I have a D3200 with 11 focusing points:

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The newer and more expensive bodies have even more focus points like e.g. the D610:

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I mostly work in Single-point AF mode, which means I choose one of the 11 points, move the one point over my subject, and focus.

Isn't it more comfortable to have fewer focus points wider spread over the whole field instead of like 50 in a small area in the center?

  • when I want to focus something in the left corner, there is no focus point and I have to set the focus with a different focus point and move my subject into the position with locked focus
  • the more points I have, the more difficult to handle is the Single-point AF mode by switching between all of these points

Am I misunderstanding something about focusing?

Even in Dynamic-area AF mode or 3D-tracking which uses all of my 11 points, it won't be able to focus something in the corner.


This is a bit of an apples and oranges comparison, because the D610 is a full frame camera.

isn't it more comfortable to have less focus points wider spread over the whole field instead of like 50 in a small area in the center?

There are two different things here:

  1. number of af points
  2. spread of af points

Now here's the thing: the af points of the D610 are not in a smaller area in the center, the overall image is just bigger. Having more focusing points doesn't mean that they are in a smaller area. In general, the overall area where the focus points are located is the same for the equivalent field of view.

For comparison, I looked up what top of the line crop bodies Nikon offers and found a AF point distribution image of a D7100, which has 51 af points.

I added them all together into one image. The D3200 is dark blue, the D610 is red and the D7100 is green.

enter image description here

As you can see, the D7100 and D3200 have a very similar area of af point distribution. The D610 appears to have a smaller area, but again, it is a full frame camera. I added a scaled image of the D610 and made it more opaque. The scale factor was 1.5, which is roughly the crop factor of Nikon bodies. The scaled D610 area is roughly the same as the one of the D3200 and D7100.


  • The number of AF points can be increased, without increasing the area of the spread. Spreading the points further would require lenses with a more open aperture. That's why the additional AF points are cramped into the same area.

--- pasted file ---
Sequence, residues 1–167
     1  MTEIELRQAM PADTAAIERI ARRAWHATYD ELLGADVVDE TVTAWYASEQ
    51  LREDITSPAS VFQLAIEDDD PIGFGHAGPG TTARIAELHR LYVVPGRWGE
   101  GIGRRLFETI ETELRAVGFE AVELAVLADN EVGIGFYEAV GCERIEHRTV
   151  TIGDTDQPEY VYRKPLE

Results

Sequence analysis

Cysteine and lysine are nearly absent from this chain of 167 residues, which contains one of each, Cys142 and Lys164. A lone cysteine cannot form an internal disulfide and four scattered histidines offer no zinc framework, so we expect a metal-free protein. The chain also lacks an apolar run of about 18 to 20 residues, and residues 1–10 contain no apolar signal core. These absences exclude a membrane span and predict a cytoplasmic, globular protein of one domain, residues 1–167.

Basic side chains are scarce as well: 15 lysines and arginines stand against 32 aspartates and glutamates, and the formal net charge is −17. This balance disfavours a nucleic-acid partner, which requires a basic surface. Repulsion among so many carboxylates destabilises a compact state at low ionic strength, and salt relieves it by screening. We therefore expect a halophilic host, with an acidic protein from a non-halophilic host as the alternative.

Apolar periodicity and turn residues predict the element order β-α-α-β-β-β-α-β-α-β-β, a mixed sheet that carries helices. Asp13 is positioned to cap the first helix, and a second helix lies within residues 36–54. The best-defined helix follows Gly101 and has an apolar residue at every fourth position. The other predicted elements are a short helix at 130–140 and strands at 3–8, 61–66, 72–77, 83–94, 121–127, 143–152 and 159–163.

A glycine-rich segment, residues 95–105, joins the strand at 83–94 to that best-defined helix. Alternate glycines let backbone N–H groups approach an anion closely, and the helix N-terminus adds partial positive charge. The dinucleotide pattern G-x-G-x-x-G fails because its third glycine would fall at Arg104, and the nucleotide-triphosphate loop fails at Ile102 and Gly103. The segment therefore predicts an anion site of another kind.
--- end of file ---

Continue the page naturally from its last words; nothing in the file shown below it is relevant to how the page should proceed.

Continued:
• If using a full frame camera, the additional sensor real estate makes the area of the AF points smaller. If switching to a full frame camera, this should be taken under consideration.

Depends on what you're shooting, but usually, yes, it is much better to have more focus points.

There are cameras with just one focusing point (eg. Hasselblad) but usually, especially when you shoot action, you need more points because:

  • focus in center & recompose is prone to error, blur and the delay which the movement of your hand introduces can make you miss the 'decisive moment'. Been there done that.

  • you need many points to successfully track a moving subject. Yes, I understand you that 11 points aren't enough to track - however the situation changes radically when you have eg. ~65 points like in Canon's professional models 1D X, 5D3 and 7D2. (I don't know very well the Nikon side, but I suppose that a similar AF engine exists in their top models).

  • prefocusing (or similar techniques). You need to (pre)focus exactly in 'that' point of the frame without moving the camera (recomposing), but you don't have the luxury to manual focus. It happens enough time in sports, performance, photojournalism etc. Having too few points means that you will NOT have an AF point in 'that' point, thing which could be very frustrating.

  • there are other AF modes than Single-Point AF. These modes are there for a reason and they help sometimes a lot in certain situations (low light/contrast, moving subjects etc.)

Perhaps I'm a spoiled child, but I felt a lot this difference in an occasion when I was forced to shoot with a model from 'Rebel' line (Canon 600D IIRC). Usually I shoot with Canon 5D3. The difference in practice is much bigger than in theory.

As an aside, at least some cameras (personally I know Canon 5D3 & 1D X) have the possibility to disable some AF points, so there is a reason in your question.

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